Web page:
Wednesday, March 23, 2011

The Crazy Carousel of "Strangers on a Train"

The Normal Theater is offering two Alfred Hitchcock movies in a row, with "Strangers on a Train" tomorrow and Friday at 7 pm, and "North By Northwest" Saturday and Sunday.

They're both crackling suspense thrillers with some similarities -- handsome leading man caught up in web of lies and intrigue that is mostly not his fault, dark humor all over the place, murderous intent from diabolical [also handsome] supporting players, damsels in distress -- but the feel is really quite different.

"Strangers on a Train" is based on a Patricia Highsmith novel, and although there are significant differences between the book and the movie, Highsmith's twisted tone remains. She liked to write about psychopaths, and Bruno*, the stranger on the train who blithely suggests murder, is one of her best. The plot is that basic murder "criss cross" -- since Bruno and handsome, successful Guy each have a roadblock on the road to happiness, Bruno proposes that he kill Guy's vulgar estranged wife, who refuses to divorce him, and in return, Guy will knock off Bruno's father so that he can get his hands on the old man's money. In Bruno's plan, each will have an alibi for the murder he has a motive for, and no motive for the murder he actually committed.

Guy, winningly played by Farley Granger, who makes the character very attractive as well as somewhat morally ambiguous, thinks it's all a bad joke. Bruno, given a delicious brand of crazy by Robert Walker, is quite serious, so serious that he kills Guy's wife off right away as a show of good faith. And then he demands that Guy return the favor and take care of Bruno's father. When Guy demurs, Bruno ups the ante, threatening to plant evidence to make the police think Guy killed his own wife.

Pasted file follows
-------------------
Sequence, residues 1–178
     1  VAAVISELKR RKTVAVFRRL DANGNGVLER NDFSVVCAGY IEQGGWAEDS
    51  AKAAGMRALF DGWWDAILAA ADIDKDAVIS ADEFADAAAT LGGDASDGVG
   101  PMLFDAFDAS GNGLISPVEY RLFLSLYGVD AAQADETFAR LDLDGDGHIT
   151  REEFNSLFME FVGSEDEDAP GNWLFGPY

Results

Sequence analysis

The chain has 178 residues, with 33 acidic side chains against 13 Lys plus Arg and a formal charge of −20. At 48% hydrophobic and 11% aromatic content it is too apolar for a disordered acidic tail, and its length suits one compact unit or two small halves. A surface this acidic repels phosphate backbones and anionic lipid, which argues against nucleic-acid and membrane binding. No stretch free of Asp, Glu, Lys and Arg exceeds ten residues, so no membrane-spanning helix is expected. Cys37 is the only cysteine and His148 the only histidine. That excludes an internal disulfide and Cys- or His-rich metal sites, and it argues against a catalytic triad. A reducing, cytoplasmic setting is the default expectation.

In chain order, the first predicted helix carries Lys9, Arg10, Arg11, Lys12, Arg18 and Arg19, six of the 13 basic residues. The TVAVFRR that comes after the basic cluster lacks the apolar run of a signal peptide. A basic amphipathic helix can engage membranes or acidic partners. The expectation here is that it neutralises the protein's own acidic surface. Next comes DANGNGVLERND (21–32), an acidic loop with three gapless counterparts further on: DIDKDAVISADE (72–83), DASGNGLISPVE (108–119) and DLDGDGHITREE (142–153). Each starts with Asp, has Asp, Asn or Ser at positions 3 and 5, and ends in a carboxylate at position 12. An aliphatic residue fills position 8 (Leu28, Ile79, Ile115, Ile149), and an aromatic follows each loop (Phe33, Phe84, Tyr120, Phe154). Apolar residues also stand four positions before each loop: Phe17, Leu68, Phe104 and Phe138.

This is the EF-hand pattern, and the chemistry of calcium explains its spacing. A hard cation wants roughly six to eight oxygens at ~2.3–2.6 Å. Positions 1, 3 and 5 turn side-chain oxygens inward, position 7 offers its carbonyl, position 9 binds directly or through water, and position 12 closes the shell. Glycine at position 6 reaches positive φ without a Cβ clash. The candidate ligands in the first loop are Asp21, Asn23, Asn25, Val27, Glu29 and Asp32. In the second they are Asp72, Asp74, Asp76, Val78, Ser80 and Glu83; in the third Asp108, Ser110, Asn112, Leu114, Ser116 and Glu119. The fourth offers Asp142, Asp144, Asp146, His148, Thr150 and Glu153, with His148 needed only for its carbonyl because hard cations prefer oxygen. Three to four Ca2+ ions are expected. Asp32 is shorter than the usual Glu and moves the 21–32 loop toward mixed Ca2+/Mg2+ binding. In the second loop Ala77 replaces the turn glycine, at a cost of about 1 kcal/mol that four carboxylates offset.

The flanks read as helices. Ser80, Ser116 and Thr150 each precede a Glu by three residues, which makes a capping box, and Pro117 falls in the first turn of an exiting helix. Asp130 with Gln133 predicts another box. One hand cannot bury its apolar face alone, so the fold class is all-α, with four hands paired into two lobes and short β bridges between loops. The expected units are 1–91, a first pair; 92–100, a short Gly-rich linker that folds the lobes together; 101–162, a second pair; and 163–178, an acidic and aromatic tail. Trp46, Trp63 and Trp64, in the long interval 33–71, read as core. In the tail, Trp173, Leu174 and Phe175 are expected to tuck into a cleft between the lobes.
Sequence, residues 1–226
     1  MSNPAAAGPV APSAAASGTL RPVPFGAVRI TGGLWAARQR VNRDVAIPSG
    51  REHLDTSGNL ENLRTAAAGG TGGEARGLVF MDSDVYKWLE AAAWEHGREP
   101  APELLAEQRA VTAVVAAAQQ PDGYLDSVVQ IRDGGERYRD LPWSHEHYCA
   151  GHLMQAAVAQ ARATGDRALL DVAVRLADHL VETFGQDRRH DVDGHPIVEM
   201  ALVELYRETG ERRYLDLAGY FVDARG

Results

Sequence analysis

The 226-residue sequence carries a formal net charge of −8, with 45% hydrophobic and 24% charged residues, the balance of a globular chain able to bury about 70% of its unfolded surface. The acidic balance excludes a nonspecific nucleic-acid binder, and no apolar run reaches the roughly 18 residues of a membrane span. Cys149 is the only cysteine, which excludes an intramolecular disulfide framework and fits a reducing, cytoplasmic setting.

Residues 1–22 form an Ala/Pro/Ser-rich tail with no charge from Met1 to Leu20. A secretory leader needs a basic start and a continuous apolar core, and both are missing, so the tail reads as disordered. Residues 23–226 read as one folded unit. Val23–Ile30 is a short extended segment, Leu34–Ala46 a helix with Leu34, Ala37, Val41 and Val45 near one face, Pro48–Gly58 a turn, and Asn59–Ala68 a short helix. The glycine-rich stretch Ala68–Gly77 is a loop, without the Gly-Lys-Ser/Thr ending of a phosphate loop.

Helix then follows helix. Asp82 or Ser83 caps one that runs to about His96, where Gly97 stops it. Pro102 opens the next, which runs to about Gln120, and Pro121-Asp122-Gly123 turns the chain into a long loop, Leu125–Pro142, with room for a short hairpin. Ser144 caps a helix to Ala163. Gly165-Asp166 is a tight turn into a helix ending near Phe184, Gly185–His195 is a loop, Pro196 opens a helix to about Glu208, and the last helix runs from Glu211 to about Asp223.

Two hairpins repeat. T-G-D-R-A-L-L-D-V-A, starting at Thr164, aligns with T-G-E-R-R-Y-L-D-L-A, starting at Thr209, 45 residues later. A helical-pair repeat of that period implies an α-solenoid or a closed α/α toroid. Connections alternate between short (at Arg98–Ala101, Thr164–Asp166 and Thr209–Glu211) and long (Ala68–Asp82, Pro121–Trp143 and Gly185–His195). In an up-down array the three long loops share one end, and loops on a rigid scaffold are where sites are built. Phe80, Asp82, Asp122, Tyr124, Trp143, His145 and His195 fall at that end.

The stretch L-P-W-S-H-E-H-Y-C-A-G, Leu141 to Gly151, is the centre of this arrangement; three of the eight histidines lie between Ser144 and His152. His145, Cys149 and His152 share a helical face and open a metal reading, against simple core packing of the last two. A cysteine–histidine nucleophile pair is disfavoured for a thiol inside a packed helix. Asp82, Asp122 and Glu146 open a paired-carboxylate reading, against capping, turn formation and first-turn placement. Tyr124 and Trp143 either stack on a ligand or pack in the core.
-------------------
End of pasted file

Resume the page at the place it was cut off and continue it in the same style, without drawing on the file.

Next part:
It's to Hitchcock's credit that this whole thing seems to move at the speed of light, even though Bruno keeps turning the screws on Guy at a torturous pace. The movie also contains some of Hitchcock's most famous scenes, like the tennis match where the camera is on the spectators and their heads flipping from side to side and the climactic tilting, out-of-control carousel scene, where everybody converges as the plot elements collide.

As these two play their dangerous games, who will end up on the wrong side of the carousel? I'll give you a hint -- Highsmith's book offers a different answer to that question than Hitchcock's movie, so if you don't like the ending in one, I suggest trying the other, too.

Whatever you do, don't miss "Strangers on a Train" on screen Thursday or Friday. On its face, it looks like a simple black-and-white murder movie from the 50s. But there's really no black and white here, just endless shades of gray, as Guy and his romantic woes are clearly shady, and Bruno is so darn charming, even though he's also a psychopath. Robert Walker's best performance on film turns Bruno into something bigger, scarier, and a lot more "normal" than your everyday murderer.

"Strangers on a Train" plays at the Normal Theater at 7 pm on Thursday the 24th and Friday the 25th.

*In the book, his name is Charles Anthony Bruno, but Bruno Anthony in the movie.

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